Finally, I recognise that the inability to have a child, to which the noble Lord, Lord Winston, so movingly referred, often causes great pain and is emotionally damaging to the woman concerned. I suggest that in the majority of cases the conditions on which some of us have suggested the centre should make an assessment do not necessarily imply that that woman is denied a child by IVF. They put in place certain sacrifices that women must make for the sake of the child if they are to qualify for IVF treatment. After all, that is no different from the commitment that most of us make when we decide to have a child.
Baroness Hollis of Heigham: My Lords, I will be very brief. I support government Amendment No. 108 and oppose the other amendments not because I do not believe that a father is important in the life of a
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Let us suppose that amendments other than the Government's amendment are passed today. What will happen? Heterosexual couples remain unaffected. We are obviously not going to prohibit the rights of single women and gay and lesbian couples to have fertility treatment because they already have that treatment and almost everyone has said that they expect and wish that situation to continue. The likelihood of single women or indeed a gay couple re-presenting themselves to the clinician as part of a heterosexual couple is impossible unless they are manipulating the legislation. So what have we achieved should we pass any of the amendments other than the government amendment? Heterosexual couples, single women and gay couples continue as before. However, we were told in several of the contributions today, which I respect, that we would be sending out a signal. What does that mean?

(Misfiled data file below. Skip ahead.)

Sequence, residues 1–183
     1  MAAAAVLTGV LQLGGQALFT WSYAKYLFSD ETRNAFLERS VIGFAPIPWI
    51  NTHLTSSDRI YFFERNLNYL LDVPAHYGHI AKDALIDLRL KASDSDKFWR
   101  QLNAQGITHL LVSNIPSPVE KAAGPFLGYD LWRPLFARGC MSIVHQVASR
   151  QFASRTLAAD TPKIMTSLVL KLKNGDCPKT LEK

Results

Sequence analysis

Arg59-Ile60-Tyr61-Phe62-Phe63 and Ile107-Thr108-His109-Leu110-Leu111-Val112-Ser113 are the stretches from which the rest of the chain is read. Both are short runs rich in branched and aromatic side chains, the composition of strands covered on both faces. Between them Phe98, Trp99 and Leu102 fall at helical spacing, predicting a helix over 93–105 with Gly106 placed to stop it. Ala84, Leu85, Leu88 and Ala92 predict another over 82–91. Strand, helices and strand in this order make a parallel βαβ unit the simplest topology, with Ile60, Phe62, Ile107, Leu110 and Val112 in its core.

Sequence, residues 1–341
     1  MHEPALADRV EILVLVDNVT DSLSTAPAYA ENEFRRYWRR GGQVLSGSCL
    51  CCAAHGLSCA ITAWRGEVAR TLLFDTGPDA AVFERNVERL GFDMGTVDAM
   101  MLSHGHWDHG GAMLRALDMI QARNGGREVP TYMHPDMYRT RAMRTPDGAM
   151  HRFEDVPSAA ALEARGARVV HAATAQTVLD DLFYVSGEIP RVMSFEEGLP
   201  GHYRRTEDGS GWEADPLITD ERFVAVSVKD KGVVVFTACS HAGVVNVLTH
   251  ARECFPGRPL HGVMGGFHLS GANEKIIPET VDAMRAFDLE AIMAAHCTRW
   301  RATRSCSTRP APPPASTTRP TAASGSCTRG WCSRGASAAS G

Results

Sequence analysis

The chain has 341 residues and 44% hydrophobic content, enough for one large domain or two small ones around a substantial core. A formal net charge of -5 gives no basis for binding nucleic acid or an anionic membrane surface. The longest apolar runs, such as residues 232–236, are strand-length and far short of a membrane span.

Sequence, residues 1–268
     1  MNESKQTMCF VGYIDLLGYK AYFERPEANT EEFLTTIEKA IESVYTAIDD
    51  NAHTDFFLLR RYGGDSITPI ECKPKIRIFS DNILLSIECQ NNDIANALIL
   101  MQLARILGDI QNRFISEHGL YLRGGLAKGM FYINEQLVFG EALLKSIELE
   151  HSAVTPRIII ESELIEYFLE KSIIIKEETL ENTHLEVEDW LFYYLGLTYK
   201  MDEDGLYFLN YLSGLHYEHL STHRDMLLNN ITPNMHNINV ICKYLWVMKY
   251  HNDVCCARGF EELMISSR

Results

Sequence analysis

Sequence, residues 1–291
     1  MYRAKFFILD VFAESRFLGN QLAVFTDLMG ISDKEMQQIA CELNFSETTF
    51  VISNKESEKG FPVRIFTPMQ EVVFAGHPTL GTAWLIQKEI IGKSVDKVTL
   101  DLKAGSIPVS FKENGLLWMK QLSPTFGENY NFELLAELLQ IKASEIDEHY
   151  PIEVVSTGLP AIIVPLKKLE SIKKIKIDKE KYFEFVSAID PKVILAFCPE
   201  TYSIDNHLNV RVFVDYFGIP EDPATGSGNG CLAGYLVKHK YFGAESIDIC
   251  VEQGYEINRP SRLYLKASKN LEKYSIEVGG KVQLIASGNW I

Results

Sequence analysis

It has come to me in the course of the debate that we do not expect the world to be any different. We do not expect to change anything, but we feel better because we have put our views on the face of the Bill. That could be empty, bad law or rhetoric, but it would also do something else. It would send out a signal, which is what worries me most. The signal that would be received by the children mentioned by the noble Lord, Lord Northbournethe one child in four currently in a family without a fatheris that we believe those families are inferior and those children are second-class children. As a result, we would be stigmatising them in the name of some family form that we wish them to have, but that they do not have, and cannot, as children, choose to have. Is that what we want to do? To stigmatise children with an amendment that will have no practical effect on any presenting client, but will impact on the children that may result. I cannot believe noble Lords want that to happen. I hope, as a result, that noble Lords will support the Governments amendment, which responds to the feeling of this House in Committee, but reject the other amendments.
Lord Mackay of Clashfern: My Lords, we know that a father has a special interest in his children. I proposed the clause that is now sought to be deleted from the1990 Act, so I have a certain filial affection for it.
First, on the moving account of the noble Lord, Lord Carlile, I should like to say that his eight-ninths of a grandchild apparently came under the existing law perfectly satisfactorily. Secondly, the noble Baroness, Lady Howarth of Breckland, said that we do not at all underestimate the value of a father. That is what this clause in the 1990 Act does: it just points to the value of a father as a factor to be taken into account in the welfare of the child. Everyone is agreedgovernment and all the others who have spokenthat the welfare of the child is something that the clinician has to take